by Christine Barnes
Summer greetings, AA followers! If you saw my last post, you may remember the blocks I was working on for my next quilt. They feature mostly solids, with patterned center squares. I inserted “swizzle-stick” borders to add a bit of color and sparkle to two of the blocks, below.
In this block, the gray-and-white polka dot fabric looks like a stripe.I decided to add sizzle-stick borders to a third block, below. This white-and-black fabric is a companion to the Kim Schaefer print in the center.Then it was time to think about how to space out the blocks. I’ve never been a big fan of sashing in traditional quilts—I prefer the patterns formed by block-to-block designs to sashing between blocks. But I’m learning to love sashing, as you may have noticed in my “Brushed Metal” quilt. Wider sashing puts the focus on the blocks, and when the sashing is lighter in value, it recedes.
I love, love black-and-white polka dots, so of course I had try a dotted fabric, below. (BTW, the colored squares above my design board are painted on the wall. It’s a long story. . . .)
But right away my eye went to the seam where the dots blend into one black blob. I measured the repeat pattern and realized there was no way I could avoid chopped-up dots. Adding cornerstones to the sashing seemed like a good idea.
I found a wonderful smaller-scale black-and-white dot at The Cotton Patch in Lafayette, CA. But these gray-and-white cornerstones made the quilt look flat, with no sense of depth I got brave and decided to try black-and-white four-patches, below: I like the single chain the four-patches imply, but they seem a bit large. If I go with this option, I will align the dot design, to suggest that the pattern flows beneath the blocks.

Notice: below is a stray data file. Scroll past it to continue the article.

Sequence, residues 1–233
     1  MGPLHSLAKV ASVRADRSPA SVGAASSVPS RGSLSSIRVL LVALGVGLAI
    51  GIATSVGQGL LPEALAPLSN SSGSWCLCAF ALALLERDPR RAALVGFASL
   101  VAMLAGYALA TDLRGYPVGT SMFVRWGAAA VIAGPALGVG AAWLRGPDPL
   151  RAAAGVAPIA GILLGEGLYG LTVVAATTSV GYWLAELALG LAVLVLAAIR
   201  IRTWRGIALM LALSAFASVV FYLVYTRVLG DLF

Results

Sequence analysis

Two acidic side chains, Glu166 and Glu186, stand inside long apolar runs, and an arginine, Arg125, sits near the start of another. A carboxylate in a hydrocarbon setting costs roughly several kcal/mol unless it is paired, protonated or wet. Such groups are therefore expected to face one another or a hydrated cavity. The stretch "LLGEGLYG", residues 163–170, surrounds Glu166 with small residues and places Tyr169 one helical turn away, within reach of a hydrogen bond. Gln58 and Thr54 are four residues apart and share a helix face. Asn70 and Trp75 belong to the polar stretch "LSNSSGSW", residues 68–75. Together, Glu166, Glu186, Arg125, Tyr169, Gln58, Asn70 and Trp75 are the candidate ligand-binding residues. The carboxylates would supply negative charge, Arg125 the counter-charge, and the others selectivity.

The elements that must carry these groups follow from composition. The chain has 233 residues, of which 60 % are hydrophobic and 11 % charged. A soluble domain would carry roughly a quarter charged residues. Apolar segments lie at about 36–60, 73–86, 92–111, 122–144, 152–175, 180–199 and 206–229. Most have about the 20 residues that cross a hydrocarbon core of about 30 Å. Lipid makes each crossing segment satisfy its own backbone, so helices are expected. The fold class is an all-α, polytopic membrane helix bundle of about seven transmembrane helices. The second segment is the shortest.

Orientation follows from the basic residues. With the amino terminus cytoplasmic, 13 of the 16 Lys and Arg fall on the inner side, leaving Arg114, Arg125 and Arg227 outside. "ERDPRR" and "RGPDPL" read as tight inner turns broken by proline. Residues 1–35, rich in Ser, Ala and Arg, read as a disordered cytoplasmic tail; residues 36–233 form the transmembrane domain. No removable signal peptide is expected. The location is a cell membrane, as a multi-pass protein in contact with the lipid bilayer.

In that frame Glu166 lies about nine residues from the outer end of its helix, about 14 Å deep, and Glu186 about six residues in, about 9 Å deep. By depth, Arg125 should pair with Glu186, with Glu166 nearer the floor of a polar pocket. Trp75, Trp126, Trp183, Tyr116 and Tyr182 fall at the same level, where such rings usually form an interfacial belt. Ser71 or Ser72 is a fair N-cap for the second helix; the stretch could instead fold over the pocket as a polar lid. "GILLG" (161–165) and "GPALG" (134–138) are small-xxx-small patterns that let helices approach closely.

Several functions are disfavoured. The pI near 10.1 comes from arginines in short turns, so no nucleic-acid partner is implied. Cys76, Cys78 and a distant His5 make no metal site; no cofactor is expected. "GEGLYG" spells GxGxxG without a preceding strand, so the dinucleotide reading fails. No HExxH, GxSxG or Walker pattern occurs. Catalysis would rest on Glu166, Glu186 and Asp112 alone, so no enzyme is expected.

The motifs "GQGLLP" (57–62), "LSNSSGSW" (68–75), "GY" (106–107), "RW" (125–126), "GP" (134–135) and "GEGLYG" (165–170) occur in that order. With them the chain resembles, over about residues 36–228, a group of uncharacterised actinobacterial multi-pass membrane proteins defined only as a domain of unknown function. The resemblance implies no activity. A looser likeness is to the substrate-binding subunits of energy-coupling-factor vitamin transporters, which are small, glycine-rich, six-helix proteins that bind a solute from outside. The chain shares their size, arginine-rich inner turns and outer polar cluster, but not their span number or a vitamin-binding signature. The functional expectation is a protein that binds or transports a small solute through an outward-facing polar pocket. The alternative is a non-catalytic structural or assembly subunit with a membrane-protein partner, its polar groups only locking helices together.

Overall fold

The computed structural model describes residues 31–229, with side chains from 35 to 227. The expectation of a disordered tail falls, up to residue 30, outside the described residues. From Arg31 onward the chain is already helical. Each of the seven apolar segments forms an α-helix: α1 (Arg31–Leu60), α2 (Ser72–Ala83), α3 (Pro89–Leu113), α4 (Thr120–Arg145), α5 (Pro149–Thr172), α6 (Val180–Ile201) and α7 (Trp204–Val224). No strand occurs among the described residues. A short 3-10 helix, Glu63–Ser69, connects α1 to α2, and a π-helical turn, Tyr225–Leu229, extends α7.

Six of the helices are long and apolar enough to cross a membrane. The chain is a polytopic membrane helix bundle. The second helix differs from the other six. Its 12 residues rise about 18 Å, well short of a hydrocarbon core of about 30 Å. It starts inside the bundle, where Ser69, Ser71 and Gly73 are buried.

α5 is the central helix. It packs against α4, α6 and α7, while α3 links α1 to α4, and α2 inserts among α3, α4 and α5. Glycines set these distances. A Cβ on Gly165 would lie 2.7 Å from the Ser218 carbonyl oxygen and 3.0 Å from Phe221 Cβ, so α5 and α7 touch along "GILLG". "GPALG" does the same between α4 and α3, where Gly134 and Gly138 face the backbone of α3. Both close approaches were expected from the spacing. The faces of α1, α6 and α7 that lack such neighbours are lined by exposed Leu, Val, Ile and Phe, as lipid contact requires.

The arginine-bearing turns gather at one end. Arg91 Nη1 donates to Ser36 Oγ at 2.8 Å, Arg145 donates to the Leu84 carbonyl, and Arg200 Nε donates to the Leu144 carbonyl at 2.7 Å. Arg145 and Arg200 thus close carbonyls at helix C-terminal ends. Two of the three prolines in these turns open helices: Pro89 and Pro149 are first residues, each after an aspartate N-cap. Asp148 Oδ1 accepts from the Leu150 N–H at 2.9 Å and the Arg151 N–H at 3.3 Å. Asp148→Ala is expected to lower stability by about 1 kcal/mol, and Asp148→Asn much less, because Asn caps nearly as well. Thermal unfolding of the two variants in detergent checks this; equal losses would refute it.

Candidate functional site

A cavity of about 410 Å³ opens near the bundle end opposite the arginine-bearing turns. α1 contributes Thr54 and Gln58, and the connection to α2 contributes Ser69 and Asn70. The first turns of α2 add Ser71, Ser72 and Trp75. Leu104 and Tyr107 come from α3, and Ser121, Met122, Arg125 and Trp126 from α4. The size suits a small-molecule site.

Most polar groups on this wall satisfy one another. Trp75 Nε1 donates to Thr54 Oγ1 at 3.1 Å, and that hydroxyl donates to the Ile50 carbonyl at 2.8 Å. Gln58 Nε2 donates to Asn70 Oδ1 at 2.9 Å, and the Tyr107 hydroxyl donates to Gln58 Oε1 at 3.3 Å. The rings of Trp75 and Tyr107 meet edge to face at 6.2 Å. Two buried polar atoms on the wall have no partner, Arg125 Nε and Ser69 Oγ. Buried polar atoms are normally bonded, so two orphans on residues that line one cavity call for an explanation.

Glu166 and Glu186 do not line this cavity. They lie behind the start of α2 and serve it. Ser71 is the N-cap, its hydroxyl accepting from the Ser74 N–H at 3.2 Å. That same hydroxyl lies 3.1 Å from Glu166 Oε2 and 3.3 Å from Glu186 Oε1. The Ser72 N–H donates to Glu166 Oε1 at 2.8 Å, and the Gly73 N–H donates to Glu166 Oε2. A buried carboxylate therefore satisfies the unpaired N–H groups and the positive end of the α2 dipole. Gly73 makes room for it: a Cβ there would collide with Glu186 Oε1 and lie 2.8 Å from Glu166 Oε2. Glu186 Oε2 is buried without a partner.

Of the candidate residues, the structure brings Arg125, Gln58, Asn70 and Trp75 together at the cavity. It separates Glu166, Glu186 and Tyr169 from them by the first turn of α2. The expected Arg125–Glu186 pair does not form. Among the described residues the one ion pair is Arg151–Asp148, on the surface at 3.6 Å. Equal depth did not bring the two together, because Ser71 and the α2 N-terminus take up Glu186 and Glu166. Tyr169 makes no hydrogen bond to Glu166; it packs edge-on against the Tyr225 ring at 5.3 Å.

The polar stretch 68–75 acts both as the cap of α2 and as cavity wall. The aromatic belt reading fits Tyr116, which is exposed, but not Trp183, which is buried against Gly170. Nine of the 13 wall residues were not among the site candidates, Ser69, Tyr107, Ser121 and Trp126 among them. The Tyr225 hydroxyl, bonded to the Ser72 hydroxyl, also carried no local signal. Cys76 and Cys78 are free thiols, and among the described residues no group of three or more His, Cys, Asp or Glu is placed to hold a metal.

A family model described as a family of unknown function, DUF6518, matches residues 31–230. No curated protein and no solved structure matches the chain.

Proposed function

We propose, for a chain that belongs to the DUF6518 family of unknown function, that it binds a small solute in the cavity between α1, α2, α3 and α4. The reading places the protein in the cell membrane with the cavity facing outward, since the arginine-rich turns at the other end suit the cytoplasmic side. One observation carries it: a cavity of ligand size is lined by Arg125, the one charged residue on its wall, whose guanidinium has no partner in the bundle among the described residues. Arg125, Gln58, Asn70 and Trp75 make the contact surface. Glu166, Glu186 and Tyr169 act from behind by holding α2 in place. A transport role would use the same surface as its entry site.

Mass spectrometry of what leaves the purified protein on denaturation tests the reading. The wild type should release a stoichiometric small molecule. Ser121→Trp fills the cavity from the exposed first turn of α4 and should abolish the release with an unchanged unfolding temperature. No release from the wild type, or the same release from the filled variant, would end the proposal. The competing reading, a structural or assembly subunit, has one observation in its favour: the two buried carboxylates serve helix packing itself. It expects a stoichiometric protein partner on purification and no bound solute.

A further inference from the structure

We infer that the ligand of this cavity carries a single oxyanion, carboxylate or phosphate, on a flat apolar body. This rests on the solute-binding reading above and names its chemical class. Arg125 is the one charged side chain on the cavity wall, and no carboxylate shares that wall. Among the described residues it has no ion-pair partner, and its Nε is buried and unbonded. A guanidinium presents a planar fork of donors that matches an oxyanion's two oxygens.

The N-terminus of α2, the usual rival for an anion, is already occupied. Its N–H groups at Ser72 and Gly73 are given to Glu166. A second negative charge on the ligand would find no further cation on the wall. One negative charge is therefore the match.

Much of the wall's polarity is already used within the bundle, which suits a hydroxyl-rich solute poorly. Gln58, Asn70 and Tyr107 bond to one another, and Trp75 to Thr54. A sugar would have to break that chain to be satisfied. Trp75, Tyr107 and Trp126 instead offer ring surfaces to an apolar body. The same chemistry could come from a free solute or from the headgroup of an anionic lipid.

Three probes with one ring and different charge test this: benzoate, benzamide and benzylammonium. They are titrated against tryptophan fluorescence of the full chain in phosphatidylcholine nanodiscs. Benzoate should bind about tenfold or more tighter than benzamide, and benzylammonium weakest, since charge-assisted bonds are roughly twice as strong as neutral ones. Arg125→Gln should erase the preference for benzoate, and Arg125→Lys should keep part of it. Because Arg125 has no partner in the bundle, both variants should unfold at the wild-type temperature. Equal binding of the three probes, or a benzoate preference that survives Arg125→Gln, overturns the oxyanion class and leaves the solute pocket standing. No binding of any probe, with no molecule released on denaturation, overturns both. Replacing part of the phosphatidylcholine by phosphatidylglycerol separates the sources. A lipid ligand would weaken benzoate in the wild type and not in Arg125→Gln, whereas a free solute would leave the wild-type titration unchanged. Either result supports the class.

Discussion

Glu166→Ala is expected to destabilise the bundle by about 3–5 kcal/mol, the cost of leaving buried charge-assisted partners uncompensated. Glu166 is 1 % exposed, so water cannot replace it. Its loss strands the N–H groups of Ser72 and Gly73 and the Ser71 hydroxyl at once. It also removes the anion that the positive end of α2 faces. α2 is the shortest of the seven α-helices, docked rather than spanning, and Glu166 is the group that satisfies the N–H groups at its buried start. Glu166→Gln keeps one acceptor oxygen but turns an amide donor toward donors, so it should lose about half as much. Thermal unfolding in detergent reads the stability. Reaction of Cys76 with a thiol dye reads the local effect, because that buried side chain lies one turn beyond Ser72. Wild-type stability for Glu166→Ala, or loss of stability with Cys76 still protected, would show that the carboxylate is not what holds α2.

Next, I decided to simplify the design with this funky-flower print, one of my all-time favorites. Just like the large polka dots, the pattern is chopped up, but when the design is this random, it isn’t as noticeable. And now, the blocks appear to be suspended above the background, an effect I really like.I’m still mulling over the options, and I’ll show you the quilt when it’s finished. Until then, I hope you’ll consider sashing. Experiment with lighter- and darker-value fabrics—lighter values make the blocks float, while darker values make the sashing and blocks blend, as if they are on one plane. Which proves the adage, “Audition, audition, audition.”
We’ll be doing plenty of auditioning in my Artistic Alchemy workshop, “Luminosity and Luster: Playing with Color and Light.” There’s simply no way to predict how colors and patterns will interact until you cut them up and make mock-blocks. It’s an eye-opening process, and I promise you’ll soon become a convert to this way of working.
Stay cool and keep quilting!